Watching this film reminded me of all the things that I liked, and hated, about reading 'Eichmann in Jerusalem'. The film focuses on the critical response, especially by New York Jews and Israelis, to the book; Arendt has to deal with the fact that lots of people, including some of her close friends, hated the book and thought that she was making excuses for Eichmann.
In that regard, the point she was making seems itself to be a bit banal nowadays. We understand that racism does not require that individual racists hate with a passion; we can conceive of a system that is racist without the necessity for personal hatred. Arendt made the same point about Eichmann; he wasn't a personal anti-semite. Lots of people seem to have misinterpreted this, some of them wilfully.
We also see her making the point about the complicity of some Jewish leaders in helping to facilitate the organisation of the holocaust. In the film this is presented as a personal accusation that she has made; in reality it was observation of what happened at the trial. The book makes unhappy reading for those that want the story of the Holocaust to be a straightforward morality play with evil persecutors and wholly innocent victims. But the historical facts and not really in dispute, only how they should be thought about.
Indeed, much of this had already been raised by the 1954 Kastner trial, which revealed how much Jewish leaders, including Zionist leaders, had been compromised by the decisions they made about who lived and who died. This is very uncomfortable reading for many (if not most) Jews, who would rather just not think about this. Part of the negative reaction to Arendt, and then to the various anti-Zionists writers like Jim Allen who brought this up as part of a critique of Zionism, is down to this.
Not all, mind; there is a degree of moral sadism in the way that anti-Zionists raise the issue in the wilful absence of an understanding of the context, as if the Jewish or Zionist leaders in question made these awful decisions in comfort. It is almost as if they want to make some sort of equivalence between the responsibility of the Jewish leaders and the responsibility of the Nazis.
Arendt, to her credit, never did that, and the film makes this point very eloquently, not least in the set-piece lecture at the university, where a young female student asks her about this. But what is doesn't do is to highlight the tone of the book, especially the earlier parts, where Arendt writes with distaste about the histrionics of the trial; why are the Israelis allowing witnesses to testify about their experiences of the Holocaust when this can have no bearing on the guilt or innocence of Eichmann as an individual? That bit of the book really stank for me, and the film doesn't seem to notice that it happened.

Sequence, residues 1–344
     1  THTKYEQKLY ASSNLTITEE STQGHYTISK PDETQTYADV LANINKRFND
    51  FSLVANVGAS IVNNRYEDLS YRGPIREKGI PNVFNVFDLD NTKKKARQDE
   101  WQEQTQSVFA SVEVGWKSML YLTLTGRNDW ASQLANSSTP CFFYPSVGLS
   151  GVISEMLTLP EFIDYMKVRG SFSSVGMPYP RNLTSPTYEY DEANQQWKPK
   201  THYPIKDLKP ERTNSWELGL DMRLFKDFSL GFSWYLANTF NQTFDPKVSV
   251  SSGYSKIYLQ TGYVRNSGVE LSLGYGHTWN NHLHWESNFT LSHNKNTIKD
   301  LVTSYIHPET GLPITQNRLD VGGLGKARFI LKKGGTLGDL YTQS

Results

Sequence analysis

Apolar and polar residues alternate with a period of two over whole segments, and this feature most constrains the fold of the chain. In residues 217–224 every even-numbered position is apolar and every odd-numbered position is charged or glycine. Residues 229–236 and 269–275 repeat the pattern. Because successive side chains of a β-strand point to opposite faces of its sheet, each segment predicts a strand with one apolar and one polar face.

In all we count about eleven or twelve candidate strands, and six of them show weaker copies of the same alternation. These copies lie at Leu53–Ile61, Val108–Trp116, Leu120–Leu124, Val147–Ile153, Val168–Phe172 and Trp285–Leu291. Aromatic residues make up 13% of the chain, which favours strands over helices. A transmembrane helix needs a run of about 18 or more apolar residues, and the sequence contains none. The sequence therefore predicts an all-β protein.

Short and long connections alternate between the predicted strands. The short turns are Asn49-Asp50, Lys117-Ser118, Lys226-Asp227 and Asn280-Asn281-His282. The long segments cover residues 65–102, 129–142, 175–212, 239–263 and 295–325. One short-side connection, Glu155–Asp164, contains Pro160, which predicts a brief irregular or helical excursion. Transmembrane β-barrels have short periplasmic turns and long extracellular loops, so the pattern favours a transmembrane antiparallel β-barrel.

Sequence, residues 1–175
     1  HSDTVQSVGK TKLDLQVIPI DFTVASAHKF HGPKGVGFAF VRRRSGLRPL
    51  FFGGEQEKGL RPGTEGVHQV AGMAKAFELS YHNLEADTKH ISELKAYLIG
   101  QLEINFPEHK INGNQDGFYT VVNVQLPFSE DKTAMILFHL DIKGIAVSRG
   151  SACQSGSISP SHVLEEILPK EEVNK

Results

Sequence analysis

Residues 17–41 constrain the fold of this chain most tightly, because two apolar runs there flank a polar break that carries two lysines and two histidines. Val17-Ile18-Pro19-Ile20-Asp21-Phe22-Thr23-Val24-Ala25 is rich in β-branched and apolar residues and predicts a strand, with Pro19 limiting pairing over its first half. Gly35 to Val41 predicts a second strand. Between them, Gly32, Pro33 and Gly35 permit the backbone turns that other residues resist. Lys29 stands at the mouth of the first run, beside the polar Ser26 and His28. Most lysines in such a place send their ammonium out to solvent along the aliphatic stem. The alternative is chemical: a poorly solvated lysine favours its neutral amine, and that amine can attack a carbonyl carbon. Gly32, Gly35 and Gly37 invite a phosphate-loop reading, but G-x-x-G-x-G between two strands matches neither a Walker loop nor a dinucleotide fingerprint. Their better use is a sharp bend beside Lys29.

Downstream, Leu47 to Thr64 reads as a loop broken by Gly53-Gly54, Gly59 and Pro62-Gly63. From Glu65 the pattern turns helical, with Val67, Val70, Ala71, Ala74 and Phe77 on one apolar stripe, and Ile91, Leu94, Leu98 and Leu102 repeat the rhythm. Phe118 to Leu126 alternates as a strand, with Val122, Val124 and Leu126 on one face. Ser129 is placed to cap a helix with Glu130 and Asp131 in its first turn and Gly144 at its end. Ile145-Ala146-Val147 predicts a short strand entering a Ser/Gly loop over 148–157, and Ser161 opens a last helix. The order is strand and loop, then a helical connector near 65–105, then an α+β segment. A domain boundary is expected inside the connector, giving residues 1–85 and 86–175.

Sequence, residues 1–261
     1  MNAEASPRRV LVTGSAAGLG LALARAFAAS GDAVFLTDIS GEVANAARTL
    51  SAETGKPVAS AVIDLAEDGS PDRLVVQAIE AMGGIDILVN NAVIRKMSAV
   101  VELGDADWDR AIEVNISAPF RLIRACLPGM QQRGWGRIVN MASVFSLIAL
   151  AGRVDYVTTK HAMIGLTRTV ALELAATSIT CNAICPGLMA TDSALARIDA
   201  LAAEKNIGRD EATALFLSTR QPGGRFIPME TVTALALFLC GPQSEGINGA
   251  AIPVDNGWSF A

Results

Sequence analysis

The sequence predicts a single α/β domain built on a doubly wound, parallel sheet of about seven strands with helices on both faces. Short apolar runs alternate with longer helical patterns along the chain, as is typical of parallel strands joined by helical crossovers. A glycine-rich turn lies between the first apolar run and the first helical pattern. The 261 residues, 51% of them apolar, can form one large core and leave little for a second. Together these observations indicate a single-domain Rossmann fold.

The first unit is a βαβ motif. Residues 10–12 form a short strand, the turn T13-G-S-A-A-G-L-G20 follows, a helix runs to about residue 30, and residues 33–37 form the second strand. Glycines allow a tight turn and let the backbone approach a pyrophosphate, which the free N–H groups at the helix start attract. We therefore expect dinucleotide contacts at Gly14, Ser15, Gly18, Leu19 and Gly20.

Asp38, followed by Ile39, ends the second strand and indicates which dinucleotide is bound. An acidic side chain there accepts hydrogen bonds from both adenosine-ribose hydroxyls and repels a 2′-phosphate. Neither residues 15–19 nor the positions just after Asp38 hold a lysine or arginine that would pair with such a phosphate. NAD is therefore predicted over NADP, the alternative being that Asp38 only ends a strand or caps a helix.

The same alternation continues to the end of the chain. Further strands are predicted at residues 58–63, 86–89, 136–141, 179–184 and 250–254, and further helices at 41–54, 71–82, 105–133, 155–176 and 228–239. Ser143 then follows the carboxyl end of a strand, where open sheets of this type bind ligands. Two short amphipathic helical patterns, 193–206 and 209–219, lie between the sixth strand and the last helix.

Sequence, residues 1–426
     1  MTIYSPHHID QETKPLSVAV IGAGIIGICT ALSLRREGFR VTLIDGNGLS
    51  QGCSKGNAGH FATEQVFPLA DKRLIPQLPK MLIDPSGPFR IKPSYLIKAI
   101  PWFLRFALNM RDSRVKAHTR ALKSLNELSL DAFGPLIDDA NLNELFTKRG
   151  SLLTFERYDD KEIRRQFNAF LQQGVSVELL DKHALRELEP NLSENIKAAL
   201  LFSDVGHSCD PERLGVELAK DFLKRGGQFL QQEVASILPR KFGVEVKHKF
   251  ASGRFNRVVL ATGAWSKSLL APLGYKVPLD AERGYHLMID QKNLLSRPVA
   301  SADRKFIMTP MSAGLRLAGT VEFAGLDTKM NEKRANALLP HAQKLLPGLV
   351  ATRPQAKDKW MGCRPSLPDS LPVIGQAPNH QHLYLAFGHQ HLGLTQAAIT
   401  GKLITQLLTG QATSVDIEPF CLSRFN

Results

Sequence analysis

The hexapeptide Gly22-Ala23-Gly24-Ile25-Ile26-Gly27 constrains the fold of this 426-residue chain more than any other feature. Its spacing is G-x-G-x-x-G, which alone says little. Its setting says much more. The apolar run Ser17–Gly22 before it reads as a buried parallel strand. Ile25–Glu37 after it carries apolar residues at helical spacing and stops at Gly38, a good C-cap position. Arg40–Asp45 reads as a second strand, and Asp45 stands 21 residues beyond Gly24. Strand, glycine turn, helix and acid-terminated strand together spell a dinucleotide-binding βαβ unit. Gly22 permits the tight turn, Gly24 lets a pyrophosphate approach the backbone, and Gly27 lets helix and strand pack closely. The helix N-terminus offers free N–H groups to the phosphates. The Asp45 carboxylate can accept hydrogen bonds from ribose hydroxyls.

The film does convey that Arendt was part of a small elite of very German Jews, who felt themselves to be part of the great sweep of German culture. It doesn't explain that most Jews in the West, and in Israel, are not part of that small band.
Tuesday, August 26, 2014
Friday, August 15, 2014
It's a pleasure to look at, and to listen to – I really enjoyed the music. It's Miyazaki's last film, apparently, and is also based on a manga book that he created on the same subject. But it is a bit flat emotionally, and even a bit boring sometimes.
Monday, August 11, 2014
This is obviously pulling out all the stops in an effort to be 'quirky', and not quite achieving it. Well, it's Wes Anderson, that's what he is for.
The central character, the 15-year old Max Fisher, is a remarkable young man with many extraordinary and frankly implausible achievements; but he is also a fantasist with a propensity to self-delusion (not least in the belief that he has a romantic relationship with a young female teacher at the school); and the film doesn't want to decide how much it is about the self-delusion and how much about the remarkable achievements. The fact that the first sequence, about young Max solving a very difficult problem in geometry, is quickly shown to be a fantasy/dream, but that almost none of the other equally implausible things in the film are meant to be taken as fantasy, adds to the confusion.
Incidentally, there is almost no politics in the film at all, and nothing about revolution, despite the poster. This looks like a poster for the subsequent and slightly better film 'The Trotsky', which does feature a high-school kid who believes himself to be a revolutionary, and is also quirky but...well, you know.
It's got good actors and characters, an interesting scenario, but the premise doesn't quite work.
Monday, August 04, 2014